Inflammation is the body’s immune response to bacteria, viruses, toxins, and injuries. Inflammation is closely linked to what we eat and it’s also linked to depression. (Depression is not the only mental health issue but it is the most widely studied). For example, a study published in the Archives of General Psychiatry tested levels of C-reactive protein (CRP), a marker of inflammation, in more than 70,000 Danish adults. Researchers found that the higher the blood levels of CRP, the more likely someone was to use antidepressants or be hospitalized for depression.
The most pro-inflammatory food components are saturated fat and trans fat. Saturated fat increases the viscosity (stickiness) of blood. That stickiness of the blood “reduces the oxygenation of tissues, reduces overall blood flow, and makes you just feel tired and rotten all the time,” as explained by Dr. Neal Barnard, MD, FACC, President of the Physicians Committee for Responsible Medicine and author of Power Foods for the Brain.
Omnivores, those who eat both plants and animals or animal-derived products, may be depressed due to their diets, specifically amount of inflammation in their brains. Research has linked depression to inflammation in the brain produced by arachidonic acid (AA) and chemical imbalances of neurotransmitters. Arachidonic acid, an omega-6 fatty acid found only in animals, serves as a precursor to inflammatory chemicals in our bodies. Top inflammatory foods are animals and animal products, especially chicken and eggs, followed by beef, pork, fish, and processed foods. By eating foods high in arachidonic acid, such as chicken, eggs, and other animal products, a cascade of chemical reactions is set off in the body. These reactions lead to an increase in inflammatory mediators (from AA) circulating in the bloodstream. The result is general inflammation, or an overreactive immune response. When inflammation reaches the brain, subsequent feelings of anxiety, stress, hopelessness, and depression arise.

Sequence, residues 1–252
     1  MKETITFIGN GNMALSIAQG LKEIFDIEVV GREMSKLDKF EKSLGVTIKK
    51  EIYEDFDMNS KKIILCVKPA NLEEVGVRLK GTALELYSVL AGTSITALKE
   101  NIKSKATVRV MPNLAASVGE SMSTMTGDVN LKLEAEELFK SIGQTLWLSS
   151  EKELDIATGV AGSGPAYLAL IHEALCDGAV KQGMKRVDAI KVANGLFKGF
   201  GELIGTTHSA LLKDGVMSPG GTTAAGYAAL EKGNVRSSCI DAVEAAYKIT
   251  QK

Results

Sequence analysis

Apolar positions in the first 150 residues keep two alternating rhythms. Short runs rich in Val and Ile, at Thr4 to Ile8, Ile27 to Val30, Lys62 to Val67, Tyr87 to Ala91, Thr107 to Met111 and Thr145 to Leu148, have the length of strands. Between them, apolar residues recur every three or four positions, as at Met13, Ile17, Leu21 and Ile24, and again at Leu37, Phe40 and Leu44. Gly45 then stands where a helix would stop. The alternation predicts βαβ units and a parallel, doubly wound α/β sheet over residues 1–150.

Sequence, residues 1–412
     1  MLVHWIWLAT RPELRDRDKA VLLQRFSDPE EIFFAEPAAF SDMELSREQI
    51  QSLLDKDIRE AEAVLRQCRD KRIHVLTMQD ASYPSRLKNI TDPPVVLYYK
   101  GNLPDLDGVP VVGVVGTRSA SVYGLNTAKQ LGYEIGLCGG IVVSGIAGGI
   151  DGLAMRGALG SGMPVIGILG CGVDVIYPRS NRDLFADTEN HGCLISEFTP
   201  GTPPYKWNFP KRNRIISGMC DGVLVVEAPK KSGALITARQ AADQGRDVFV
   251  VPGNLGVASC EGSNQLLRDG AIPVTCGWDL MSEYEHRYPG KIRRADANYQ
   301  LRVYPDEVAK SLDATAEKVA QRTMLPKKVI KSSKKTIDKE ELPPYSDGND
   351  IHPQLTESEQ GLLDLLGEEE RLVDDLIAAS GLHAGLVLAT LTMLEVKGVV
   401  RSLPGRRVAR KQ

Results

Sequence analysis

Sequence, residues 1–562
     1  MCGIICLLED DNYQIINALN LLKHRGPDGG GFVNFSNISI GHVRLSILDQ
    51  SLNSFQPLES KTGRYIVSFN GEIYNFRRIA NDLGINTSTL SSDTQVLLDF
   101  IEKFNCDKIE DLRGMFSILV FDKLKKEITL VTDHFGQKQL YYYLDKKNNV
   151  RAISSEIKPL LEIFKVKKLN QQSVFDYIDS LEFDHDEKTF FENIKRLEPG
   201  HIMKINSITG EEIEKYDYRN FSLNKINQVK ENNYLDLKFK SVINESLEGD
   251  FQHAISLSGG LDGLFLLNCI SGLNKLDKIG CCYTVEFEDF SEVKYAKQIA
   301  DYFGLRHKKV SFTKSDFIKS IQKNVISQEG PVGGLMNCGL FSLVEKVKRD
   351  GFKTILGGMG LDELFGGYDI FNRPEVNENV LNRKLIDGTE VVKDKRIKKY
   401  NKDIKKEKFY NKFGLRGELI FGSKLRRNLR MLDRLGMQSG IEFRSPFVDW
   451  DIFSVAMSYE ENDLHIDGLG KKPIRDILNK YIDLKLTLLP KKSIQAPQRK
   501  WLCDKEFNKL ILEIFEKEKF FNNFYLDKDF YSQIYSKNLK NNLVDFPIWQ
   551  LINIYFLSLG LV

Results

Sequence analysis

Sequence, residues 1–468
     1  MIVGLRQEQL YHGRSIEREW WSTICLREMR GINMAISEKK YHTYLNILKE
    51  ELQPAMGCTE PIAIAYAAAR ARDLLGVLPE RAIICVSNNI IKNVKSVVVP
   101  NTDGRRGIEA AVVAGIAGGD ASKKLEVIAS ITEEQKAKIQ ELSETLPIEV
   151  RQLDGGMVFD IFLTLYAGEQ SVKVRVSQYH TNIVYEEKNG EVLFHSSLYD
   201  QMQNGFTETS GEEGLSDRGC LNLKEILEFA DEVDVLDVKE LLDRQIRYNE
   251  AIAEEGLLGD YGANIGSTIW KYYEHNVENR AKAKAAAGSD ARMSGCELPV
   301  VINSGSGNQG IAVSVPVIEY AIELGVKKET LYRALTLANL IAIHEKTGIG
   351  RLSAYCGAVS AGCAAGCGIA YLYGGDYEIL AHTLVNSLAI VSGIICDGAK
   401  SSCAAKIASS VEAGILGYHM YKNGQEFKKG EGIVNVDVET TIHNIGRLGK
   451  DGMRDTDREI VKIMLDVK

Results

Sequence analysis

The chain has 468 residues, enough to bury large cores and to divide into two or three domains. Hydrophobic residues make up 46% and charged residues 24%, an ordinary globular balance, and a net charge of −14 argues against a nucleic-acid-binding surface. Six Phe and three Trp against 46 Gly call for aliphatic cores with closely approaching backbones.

Vegans are less depressed, negative, and anxious than omnivores, possibly due to the lack of AA from these products. In the famous GEICO Study, where over 200 GEICO employees were offered and studied while on a Whole Food Plant-Based Vegan diet, the results concluded that when AA acid is removed via animal products and WFPB diet is added in, levels of AA drop to 0 within 2 weeks. Participants also reported better digestion, improved sleep, increased energy, better physical functioning, better mental health, better vitality, and better work productivity.